Music Speaks Louder Than Words
In several of his recent outings, the jangly harmelodic guitarist has fancied himself a bluesman. Sure, there's a rawness and raggedness in both his singing and playing that translates to that idiom, but the chunky, hamfisted backbeats he has locked himself in with on mediocre blues-rock projects like Blues Allnight and Blues Experience have done him a great disservice. Blood always sounds best when he's skronking over the top of a free flowing, interactive and understated rhythm section, as on 1977's Revealing with drummer Doug Hammond, bassist Cecil McBee and saxophone George Adams (reissued last year on the Rounder-distributed In & Out Records). He conjures up that more open-ended vibe on this collection of Ornette Coleman compositions.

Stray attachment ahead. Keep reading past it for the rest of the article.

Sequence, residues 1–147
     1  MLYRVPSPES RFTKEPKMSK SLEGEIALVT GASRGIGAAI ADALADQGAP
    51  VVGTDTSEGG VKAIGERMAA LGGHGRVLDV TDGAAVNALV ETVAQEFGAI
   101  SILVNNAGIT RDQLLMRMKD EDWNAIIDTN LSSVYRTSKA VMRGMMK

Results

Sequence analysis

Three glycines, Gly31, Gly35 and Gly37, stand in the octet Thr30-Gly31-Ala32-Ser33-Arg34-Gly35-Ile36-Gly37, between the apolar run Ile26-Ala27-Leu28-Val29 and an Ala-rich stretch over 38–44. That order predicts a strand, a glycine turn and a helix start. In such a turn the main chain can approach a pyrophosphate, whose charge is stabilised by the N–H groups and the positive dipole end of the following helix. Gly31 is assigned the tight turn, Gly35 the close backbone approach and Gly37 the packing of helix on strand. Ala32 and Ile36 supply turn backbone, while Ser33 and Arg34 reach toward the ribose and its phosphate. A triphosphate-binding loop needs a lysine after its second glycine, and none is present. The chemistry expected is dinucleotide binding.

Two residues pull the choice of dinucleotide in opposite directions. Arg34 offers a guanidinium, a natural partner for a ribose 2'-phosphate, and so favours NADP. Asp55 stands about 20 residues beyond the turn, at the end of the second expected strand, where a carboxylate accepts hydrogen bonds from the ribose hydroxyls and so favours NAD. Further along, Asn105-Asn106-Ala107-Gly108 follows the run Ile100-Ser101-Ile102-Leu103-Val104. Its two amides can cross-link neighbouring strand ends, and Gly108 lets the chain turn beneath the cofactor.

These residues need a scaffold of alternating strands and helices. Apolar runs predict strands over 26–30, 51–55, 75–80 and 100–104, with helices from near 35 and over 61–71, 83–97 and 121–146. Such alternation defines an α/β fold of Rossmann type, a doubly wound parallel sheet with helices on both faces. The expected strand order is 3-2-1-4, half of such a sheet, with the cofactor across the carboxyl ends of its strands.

Former Coltrane drummer Rashied Ali and acoustic bassist Calvin "Hassen Truth" Jones create the ever-shifting textures, implied beats and rhythmic accents beneath Blood's signature guitar work on stirring renditions of "Lonely Woman," "Sphinx," "Street News" and "Skies Of America." Rashied's son Amin contributes some supple electric bass alongside drummer Aubrey Dayle on the darkly swinging "Elizabeth" and "Cherry Cherry." Only on the three jarringly out of place Ulmer originals-"Dance In The Dark," "I Can't Take It Anymore" and "Rap Man"-does the guitarist revert back to the squared rhythms and lame pop hooks that plagued his blues-rock albums. But when he's using space dramatically, surfing on top of rolling waves of rhythm, there is no more distinctive and startling sound in jazz guitar. Few other six-stringers can capture the provocative, probing essence and dark beauty of Ornette like Blood.